Many comparable data science tools are implemented as Python. People seem to like and use Python a lot for data stuff!

## How can I contribute?
You want to contribute? That's so great! Thank you so much!

It would be best to create a separate branch that we can merge when Tea is slightly more stable. :)
Tea is a domain specific programming language that automates statistical test
selection and execution. Tea is currently written in/for Python.

Users provide 5 pieces of information:
* the *dataset* of interest,
* the *variables* in the dataset they want to analyze,
* the *study design* (e.g., independent, dependent variables),
* the *assumptions* they make about the data based on domain knowledge(e.g.,
a variable is normally distributed), and
* a *hypothesis*.

Tea then "compiles" these into logical constraints to select valid
statistical tests. Tests are considered valid if and only if *all* the
assumptions they make about the data (e.g., normal distribution, equal
variance between groups, etc.) hold. Tea then finally executes the valid tests.

## What kinds of statistical analyses are possible with Tea?
Tea currently provides a module to conduct Null Hypothesis Significance
Testing (NHST).

*We are actively working on expanding the kinds of analyses Tea can support. Some ideas we have: Bayesian inference and linear modeling.*

## How can I use Tea?
Tea will **very soon** be available on pip! Check back for updates :)

## How can I cite Tea?
For now, please cite our Arxiv paper:
```
article{JunEtAl2019:Tea,
title={Tea: A High-level Language and Runtime System for Automating Statistical Analysis},
author={Jun, Eunice and Daum, Maureen and Roesch, Jared and Chasins, Sarah E. and Berger, Emery D. and Just, Rene and Reinecke, Katharina},
journal={Arxiv},
year={2019},
publisher={Cornell University}
}
```

## How reliable is Tea?
Tea is currently a research prototype. Our constraint solver is based on
statistical texts (see <a href='https://arxiv.org/pdf/1904.05387.pdf'>our paper</a> for more info).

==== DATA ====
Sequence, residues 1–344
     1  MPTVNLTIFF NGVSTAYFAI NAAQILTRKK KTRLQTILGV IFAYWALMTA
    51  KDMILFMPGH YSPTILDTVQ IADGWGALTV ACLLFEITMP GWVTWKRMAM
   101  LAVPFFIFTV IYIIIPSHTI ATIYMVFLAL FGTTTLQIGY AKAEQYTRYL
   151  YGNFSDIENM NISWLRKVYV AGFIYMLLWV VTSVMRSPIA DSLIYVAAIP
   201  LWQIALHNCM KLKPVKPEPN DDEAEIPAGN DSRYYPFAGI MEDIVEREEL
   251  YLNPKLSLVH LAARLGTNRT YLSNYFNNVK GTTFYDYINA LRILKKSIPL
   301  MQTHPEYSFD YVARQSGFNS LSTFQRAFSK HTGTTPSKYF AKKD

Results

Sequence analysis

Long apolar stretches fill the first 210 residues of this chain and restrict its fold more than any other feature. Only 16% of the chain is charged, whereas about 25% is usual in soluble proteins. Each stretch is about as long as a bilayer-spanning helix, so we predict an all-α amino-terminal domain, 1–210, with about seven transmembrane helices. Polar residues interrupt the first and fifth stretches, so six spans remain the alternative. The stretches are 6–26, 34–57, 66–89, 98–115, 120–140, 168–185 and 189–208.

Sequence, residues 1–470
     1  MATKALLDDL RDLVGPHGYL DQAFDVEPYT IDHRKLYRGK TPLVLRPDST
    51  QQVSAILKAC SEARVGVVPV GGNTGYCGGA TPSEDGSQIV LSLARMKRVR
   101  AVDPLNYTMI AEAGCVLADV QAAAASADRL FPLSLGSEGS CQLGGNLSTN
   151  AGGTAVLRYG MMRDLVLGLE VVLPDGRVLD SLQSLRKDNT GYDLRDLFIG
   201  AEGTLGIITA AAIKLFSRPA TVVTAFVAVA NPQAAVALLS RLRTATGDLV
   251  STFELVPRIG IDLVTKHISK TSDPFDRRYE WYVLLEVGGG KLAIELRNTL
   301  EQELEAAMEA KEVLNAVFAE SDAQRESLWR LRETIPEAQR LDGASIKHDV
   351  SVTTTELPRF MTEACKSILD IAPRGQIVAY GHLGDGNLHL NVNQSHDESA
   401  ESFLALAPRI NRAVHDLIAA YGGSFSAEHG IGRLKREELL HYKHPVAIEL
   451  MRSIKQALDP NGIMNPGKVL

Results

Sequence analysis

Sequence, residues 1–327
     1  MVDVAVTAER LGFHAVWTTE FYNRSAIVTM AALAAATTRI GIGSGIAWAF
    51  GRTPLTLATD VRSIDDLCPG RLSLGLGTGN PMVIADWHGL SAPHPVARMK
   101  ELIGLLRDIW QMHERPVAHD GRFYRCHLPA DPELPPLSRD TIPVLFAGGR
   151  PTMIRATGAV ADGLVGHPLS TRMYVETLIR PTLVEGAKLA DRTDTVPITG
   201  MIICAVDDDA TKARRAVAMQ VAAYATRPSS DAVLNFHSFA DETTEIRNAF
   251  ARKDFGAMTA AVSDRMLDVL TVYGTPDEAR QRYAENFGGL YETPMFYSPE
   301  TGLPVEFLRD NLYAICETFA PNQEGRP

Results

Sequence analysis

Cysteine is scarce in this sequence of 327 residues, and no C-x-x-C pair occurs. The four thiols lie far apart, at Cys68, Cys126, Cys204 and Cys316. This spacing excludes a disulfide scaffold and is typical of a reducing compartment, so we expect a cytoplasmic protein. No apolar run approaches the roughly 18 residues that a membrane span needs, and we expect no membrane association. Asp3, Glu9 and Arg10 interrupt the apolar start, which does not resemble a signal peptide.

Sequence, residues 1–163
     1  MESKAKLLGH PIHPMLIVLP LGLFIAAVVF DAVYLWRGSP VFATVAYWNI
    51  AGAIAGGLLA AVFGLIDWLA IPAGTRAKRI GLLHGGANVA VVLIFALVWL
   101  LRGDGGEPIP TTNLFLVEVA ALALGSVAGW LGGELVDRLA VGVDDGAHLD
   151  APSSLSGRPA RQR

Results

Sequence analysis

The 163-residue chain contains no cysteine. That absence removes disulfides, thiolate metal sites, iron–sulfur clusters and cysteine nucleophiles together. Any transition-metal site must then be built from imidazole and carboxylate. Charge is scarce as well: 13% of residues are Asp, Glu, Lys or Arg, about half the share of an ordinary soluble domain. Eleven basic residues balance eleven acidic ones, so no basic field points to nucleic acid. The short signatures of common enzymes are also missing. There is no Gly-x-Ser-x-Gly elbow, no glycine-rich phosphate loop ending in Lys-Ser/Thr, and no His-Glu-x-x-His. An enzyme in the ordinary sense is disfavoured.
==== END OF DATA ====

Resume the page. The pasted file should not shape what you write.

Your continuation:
If you find any bugs, please let us know (email Eunice at emjun [at] cs.washington.edu)!

## I want to collaborate! Where do I begin?
This is great! We're excited to have new collaborators. :)

To contribute *code*, please see <a href='./CONTRIBUTING.md'> docs and
gudielines</a> and open an issue or pull request.

If you want to use Tea for a
project, talk about Tea's design, or anything else, please get in touch: emjun at
cs.washington.edu.

## Where can I learn more about Tea?
Please find more information at <a href='www.tea-lang.org'>our website</a>.

## I have ideas. I want to chat.
Please reach out! We are nice :): emjun at cs.washington.edu


### By the way, why Python?
Python is a common language for data science. We hope Tea can easily integrate
into user workflows.

*We are working on compiling Tea programs to different target languages, including R.*
@@ -132,7 +132,6 @@ def hypothesize(vars: list, prediction: str=None):
# Interpret AST node, Returns ResData object (?)
result = evaluate(dataset_obj, relationship, assumptions, study_design)
# all_results[relationship] -- How to check for multiple comparison problem?
# import pdb; pdb.set_trace()
print(f"\n{result}")
return result

@@ -190,7 +189,6 @@ def divine_properties(vars:list, tests:list):

# print("\nProperties for student's t test and Mann Whitney u test are complementary.")
print("\nProperties:")
import pdb; pdb.set_trace()
pp.pprint(test_to_properties)
print("\nProperties that could not be satisfied:")
pp.pprint(test_to_broken_properties)
@@ -305,7 +305,6 @@ def predict(vars: list, predictions: list=None):

# Prediction pertains to neither categorical nor numerical data
else:
import pdb; pdb.set_trace()
raise ValueError(f"Prediction is malformed: {p}")

formulated_predictions.append(pred)
@@ -699,7 +699,6 @@ def rm_one_way_anova(dataset: Dataset, design, combined_data: CombinedData):
# import pdb; pdb.set_trace()
aovrm2way = AnovaRM(data, depvar=y.metadata[name], subject=key, within=within_subjs, aggregate_func='mean')
# aovrm2way = AnovaRM(data, depvar=y.metadata[name], subject=dataset.pid_col_name, within=within_subjs, between=between_subjs) # apparently not implemented in statsmodels
import pdb; pdb.set_trace()
res2way = aovrm2way.fit()
return res2way

@@ -713,7 +712,7 @@ def kruskall_wallis(dataset: Dataset, predictions, combined_data: CombinedData):
data = []
for x in xs:
if x.metadata[categories] is None:
import pdb; pdb.set_trace()
raise ValueError('')
cat = [k for k,v in x.metadata[categories].items()]